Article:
The name Khaled Saeed quickly grew to Rosa Parks’ proportions. His image from his photograph has become the enduring hallmark in Egypt’s revolutionary movement. Cleopatra square, adjacent to the crime scene, has become the “pilgrimage” site and way station that protesters march through and chant variations of “We are all Khaled Saeed.”
On 6 June 2012, I joined countless others in commemorating the second anniversary of the death of Khaled Saeed, the twenty-eight-year-old Alexandrian who was beaten to death by plain-clothed policemen. The screams of Khaled echoed through Egypt and sparked the rapid countdown to the 2011 Egyptian Revolution.
Khaled was the neighbor down the street to whom I, admittedly, paid little attention. Yet his posthumous transformation from another face in the neighborhood to revolutionary poster child has become a source of both inspiration and concern. Inspiring in that he has given a focus and impetus to Egypt’s revolution, and concern in that his mythologization considerably conceals the real problems that the many “Khaled Saeeds” of Egypt face.
When the news of Khaled’s death reached me, it shook my world. It was not just the manner of Khaled’s death that had disturbed me, but the deep reach of President Hosni Mubarak’s repressive police state in the neighborhood where I had grown up and which I idealized as a model of harmonyKhaled has been distorted almost beyond recognition. To understand the extent of this, based on interviews from friends, associates, and my familiarity and understanding of the district, I attempt to provide a descriptive account of his life up until that fateful night in June 2010. The facts of his life are contrasted with his mythologization and the polarizing effects of both. His death was not just indicative of the corrupt and brutal police state; Khaled’s life was symptomatic of the widespread despair that continues to plague Egypt’s youth and that manifests in a plethora of symptoms, from drug abuse to the strong desire to emigrate. The reconstruction of Khaled Saeed perpetuates self-defeating myths that, by elevating him into a figure with saint–like qualities, minimizes and simplifies the dynamics of his life that led up to his death.
Khaled’s tragedy was a turning point in my life. I first wrote about Khaled Saeed shortly after his death in an article titled, “Egypt’s Collision Course with History.” On the day Khaled died, I was in Australia reflecting on my late father who had died two years earlier on 6 June 2008, near to where Khaled passed away. When the news of Khaled’s death reached me, it shook my world. It was not just the manner of Khaled’s death that had disturbed me, but the deep reach of President Hosni Mubarak’s repressive police state into a neighborhood where I had grown up and idealized as a beacon of harmony. Up until then, I naively thought that such things happened to other people, in the slums, Islamist strongholds, in prisons, on the news, Alexandria’s rural outskirts, or any “other area.” My area became that “other area.”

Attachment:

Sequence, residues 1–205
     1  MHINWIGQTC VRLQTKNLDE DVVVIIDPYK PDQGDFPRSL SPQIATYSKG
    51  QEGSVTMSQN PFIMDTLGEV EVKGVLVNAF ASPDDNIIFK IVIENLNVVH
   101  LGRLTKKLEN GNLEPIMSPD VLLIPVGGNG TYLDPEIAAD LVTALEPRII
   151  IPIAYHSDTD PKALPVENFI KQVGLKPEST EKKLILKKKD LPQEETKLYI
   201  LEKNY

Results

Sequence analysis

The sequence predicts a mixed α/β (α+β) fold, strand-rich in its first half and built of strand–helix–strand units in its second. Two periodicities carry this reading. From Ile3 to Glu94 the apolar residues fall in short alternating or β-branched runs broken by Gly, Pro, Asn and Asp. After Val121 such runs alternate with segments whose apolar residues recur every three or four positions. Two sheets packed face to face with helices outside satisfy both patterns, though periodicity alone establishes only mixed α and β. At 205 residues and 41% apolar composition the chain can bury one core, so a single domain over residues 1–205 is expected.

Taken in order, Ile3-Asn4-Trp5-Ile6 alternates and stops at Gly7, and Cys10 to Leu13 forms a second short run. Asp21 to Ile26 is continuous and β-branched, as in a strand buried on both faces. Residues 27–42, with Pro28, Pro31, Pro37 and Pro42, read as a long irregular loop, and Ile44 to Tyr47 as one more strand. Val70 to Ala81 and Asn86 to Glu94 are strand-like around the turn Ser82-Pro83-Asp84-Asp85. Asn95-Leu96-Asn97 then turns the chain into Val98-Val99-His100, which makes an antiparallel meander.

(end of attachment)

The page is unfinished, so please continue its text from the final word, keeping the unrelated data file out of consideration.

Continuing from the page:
Call Me Kaled Wave
Tucked deep away in the catacombs of social media rests the Facebook corpse of one Kaled Wave—the alias of Khaled Saeed. Khaled’s profile photo and Facebook activities would come to a halt like the time-frozen ashes of Pompeii. Ironically, it was the shocking and abrupt interruption of Khaled’s life that would unfreeze Egypt from its morbid state under Mubarak.
The photo speaks volumes of a young man that has been robbed of hope and a future. On his profile, the Alexandria he wishes to live in is not the once-thriving cosmopolitan city of Egypt sixty years ago, but the Alexandria Bay in New York. Instead it was his obsession to emigrate, particularly to the US, after having lived there for a short period of time. The closest form of escapism for Khaled was the Internet. In fact, he lived most his life online, using a pirated Internet connection from the Internet café below his home (not the one he visited on his last night). If his Internet connection went down, he would go down to the Spacenet Internet café (yes, that one) some thirty meters across the street. He would download the latest movies and songs and distribute them to his friends. He had an online relationship with two girls living abroad.
Khaled Saeed means “eternally happy” in Arabic. He often made people happy, but it was questionable whether he himself was ever happy. When he was called up for military conscription, the harshness of army life made him go AWOL. His voluntary return and some family connections landed him with a light military prison sentence of ten months in 2006/2007. Khaled was often center-stage, amusing the inmates with his antics. People rarely knew him by his full name. In his years at school, his childhood [and my close] friend, Wesam Mohamed, states that Khaled was known by, “Khaled Tayara” (“kite”) for attaching razor blades to his kite to threaten its rivals causing all kite-flying enthusiasts to flee the scene upon sighting the winged predator over Alexandria’s beaches. He later took on the nickname “Kaled Wave.” The name, which he went by until his death, was inspired by his older brother, Ahmed Wave—who was often living in the US—and his love for rap music and DJing (Khaled tended to shun Arabic music). It appears on his Myspace account. You knew Khaled was home if the music was pumping out loud from his second floor apartment. Being the resourceful character he was, he would power up his stereo on the beach from lamp pole wires. Finally, he had the less than flattering name of “Abu Sena” in reference to a crooked tooth.
His mother spent a lot of time in Cairo where her married daughter lived, leaving Khaled alone in the apartment – a rarity in a country where most of the young generation live with their families until marriage. Opportunism came knocking at the door.